by Maria Russo in Community, Shows, June 23rd, 2015
by Maria Russo in Recipes, March 23rd, 2015
A far cry from ordinary PB&Js, the next-level sandwiches popping up at restaurants across the country are no longer relegated to combinations of squishy bread and moist cold cuts; instead they’re piled high with everything from runny egg yolks to pickled vegetables. On yesterday’s brand-new episode of Guilty Pleasures, Rachael Ray and Curtis Stone faced off in a battle of the between-bread beauties: She showed off one craveworthy selection featuring a heaping helping of french fries in the middle, and he opted for another creation, which came compete with seemingly all of the Italian meats at the deli.
Recently Food Network asked you to tell us about your best-ever sandwich eats, and in true superfan fashion, you delivered in droves, with comments and photos of piled-high plates that range from wake-up-worthy breakfast bites to a super-meaty selection. When it comes to all things on bread, there’s no denying you all know how to indulge. Keep scrolling below to see FN Dish’s favorite selections.
by Maria Russo in Community, March 15th, 2015
No matter if you eat lunch at your kitchen table at home or at your desk at work, the key to enjoying your midday meal is embracing variety, especially when you’re cooking meatless meals. From salads and sandwiches to microwaved dinner leftovers, just a few tweaks to your usual standbys can create an all-new meal, like Tyler Florence did in his next-level egg salad sandwich.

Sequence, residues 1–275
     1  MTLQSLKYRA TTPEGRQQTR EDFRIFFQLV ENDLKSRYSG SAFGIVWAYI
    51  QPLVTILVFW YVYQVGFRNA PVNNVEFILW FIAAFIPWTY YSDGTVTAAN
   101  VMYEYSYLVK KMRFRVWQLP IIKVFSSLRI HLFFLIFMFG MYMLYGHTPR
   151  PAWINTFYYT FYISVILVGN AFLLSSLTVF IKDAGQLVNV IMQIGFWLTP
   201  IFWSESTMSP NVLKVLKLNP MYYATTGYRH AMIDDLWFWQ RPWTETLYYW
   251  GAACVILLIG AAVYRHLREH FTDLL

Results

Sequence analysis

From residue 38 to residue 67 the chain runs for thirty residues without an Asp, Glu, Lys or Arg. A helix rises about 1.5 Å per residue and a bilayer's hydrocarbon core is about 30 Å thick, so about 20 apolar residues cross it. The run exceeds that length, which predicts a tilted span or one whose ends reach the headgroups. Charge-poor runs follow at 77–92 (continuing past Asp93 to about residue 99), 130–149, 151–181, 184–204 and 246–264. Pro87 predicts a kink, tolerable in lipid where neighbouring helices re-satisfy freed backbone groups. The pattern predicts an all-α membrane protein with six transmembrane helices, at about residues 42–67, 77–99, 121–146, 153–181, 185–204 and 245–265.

Remember the gooey egg salad sandwiches you used to find in your lunchbox, those smushed between two slices of mushy bread? Tyler’s version is nothing like those. He starts his Egg Salad Sandwich with Avocado and Watercress (pictured above) by just roughly mashing hard-boiled eggs, not pulverizing them into a too-soft smash, before adding a few dollops of mayonnaise and Dijon for added richness and subtle tang. By building this sandwich on toasted whole-grain bread, Tyler guarantees a welcome crunch in the sandwich, which he layers with cool avocado and, in place of traditional lettuce, fresh watercress. If you’ve never before cooked with watercress, give it a try the next time you’re at the store; this leafy green is a tad bitter, so it’s a go-to for offsetting the creaminess of the eggs and avocado.
by Marisa McClellan in Recipes, February 20th, 2015
When it comes to finishing touches on a plate, there’s not much that doesn’t benefit from an egg on top, including this week’s Most Popular Pin of the Week. Without an egg, France’s version of a specialty ham-and-cheese sandwich is a simple croquet monsieur, but when dressed up with golden, runny egg, this richly indulgent sandwich layered with indulgent, creamy bechamel sauce becomes an over-the-top beauty called a croque madame. Follow Alex Guarnaschelli’s lead and opt for Gruyère cheese to add a rich, nutty taste to the sandwich.